Amid the spending frenzy that was the Spring Budget there was one gaping omission; no £350 million a week for the NHS.
As the health service prepares to battle a pandemic the Treasury was forced to confirm that it will not be getting the cash promised during the referendum.
Chancellor Rishi Sunak announced just £6 million extra for the NHS to cope with the escalating coronavirus crisis.
And he will hike the immigration surcharge to £624 per year for an adult, a move branded “shameful” by SNP MP Stewart McDonald who said it typified the hostile environment the Tories are trying to create.
Indeed, there were few upsides from leaving the EU in the budget.
Britain is expected to be overall poorer by £1,200 per person because of Brexit’s economic drag, according to the government’s spending watchdog.
The chancellor’s red budget book shows the gross EU contributions saved by the UK will be around £42 billion over the next five years, rather than the £91 billion claimed under the false figure publicised by Boris Johnson in 2016.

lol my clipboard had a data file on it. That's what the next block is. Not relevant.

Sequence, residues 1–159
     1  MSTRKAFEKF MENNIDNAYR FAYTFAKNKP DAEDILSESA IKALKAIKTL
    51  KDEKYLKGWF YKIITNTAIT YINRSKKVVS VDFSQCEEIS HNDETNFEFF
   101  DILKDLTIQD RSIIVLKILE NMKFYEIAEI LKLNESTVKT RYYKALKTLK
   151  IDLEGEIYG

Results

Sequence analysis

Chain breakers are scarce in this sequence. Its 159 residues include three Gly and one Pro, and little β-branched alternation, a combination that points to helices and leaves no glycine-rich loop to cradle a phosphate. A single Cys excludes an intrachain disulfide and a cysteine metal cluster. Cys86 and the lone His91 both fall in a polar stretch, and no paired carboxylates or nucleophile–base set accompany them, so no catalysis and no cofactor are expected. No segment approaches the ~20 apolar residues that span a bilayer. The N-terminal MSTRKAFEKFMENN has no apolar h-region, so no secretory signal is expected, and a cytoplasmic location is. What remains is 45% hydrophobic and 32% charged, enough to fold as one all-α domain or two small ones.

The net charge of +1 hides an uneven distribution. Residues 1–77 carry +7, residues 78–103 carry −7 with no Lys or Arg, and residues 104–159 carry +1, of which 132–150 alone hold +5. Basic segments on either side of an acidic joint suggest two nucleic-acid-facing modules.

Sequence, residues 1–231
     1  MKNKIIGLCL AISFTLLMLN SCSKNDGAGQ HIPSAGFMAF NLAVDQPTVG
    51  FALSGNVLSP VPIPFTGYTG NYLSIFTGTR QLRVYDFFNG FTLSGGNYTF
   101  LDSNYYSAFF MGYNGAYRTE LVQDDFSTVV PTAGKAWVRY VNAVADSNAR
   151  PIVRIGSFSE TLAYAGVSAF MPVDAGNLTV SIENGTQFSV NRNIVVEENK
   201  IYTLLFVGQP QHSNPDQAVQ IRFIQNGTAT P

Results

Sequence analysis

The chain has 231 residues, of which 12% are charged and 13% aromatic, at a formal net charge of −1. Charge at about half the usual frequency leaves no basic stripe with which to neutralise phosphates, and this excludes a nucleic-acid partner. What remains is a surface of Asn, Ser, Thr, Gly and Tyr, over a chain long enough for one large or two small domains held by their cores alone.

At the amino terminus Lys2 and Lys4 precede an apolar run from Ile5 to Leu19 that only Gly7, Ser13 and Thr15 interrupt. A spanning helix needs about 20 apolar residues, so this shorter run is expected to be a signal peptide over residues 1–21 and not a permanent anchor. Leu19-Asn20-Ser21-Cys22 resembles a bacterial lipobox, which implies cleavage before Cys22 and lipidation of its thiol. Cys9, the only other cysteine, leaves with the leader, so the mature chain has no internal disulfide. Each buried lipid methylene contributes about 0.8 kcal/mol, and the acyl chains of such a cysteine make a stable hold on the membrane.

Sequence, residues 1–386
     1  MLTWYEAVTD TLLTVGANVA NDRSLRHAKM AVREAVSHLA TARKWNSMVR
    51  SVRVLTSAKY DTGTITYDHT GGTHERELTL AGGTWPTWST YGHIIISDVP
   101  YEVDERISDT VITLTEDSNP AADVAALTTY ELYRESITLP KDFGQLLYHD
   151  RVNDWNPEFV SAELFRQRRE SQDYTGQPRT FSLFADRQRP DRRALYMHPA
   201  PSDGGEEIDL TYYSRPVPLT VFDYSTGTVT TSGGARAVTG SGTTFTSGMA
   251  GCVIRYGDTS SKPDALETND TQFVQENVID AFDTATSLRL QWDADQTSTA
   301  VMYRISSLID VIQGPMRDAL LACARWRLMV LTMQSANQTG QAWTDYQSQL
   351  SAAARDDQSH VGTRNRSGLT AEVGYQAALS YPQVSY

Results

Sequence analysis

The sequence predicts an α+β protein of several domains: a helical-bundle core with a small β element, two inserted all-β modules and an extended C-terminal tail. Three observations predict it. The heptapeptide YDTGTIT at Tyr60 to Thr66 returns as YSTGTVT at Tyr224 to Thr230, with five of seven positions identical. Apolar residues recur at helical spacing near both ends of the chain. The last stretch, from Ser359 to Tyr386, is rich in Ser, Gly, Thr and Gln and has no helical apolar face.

But the money is not expected to benefit the public finances as the majority needs to be spent on British domestic replacements for EU programmes.
Office for Budget Responsibility
It comes as the government’s own Office for Budget Responsibility (OBR) puts the cost to the British economy of Brexit so far at around 2 per cent of GDP a year, or about £40 billion.
“We estimate that the economic effects of the referendum vote have so far reduced potential output by around 2 per cent, relative to what would have happened in its absence,” the OBR said in its analysis released alongside the budget.
“Part of this reflects lower net inward migration, but mostly it reflects weaker productivity growth on the back of depressed business investment and the diversion of resources from production towards preparing for potential Brexit outcomes.”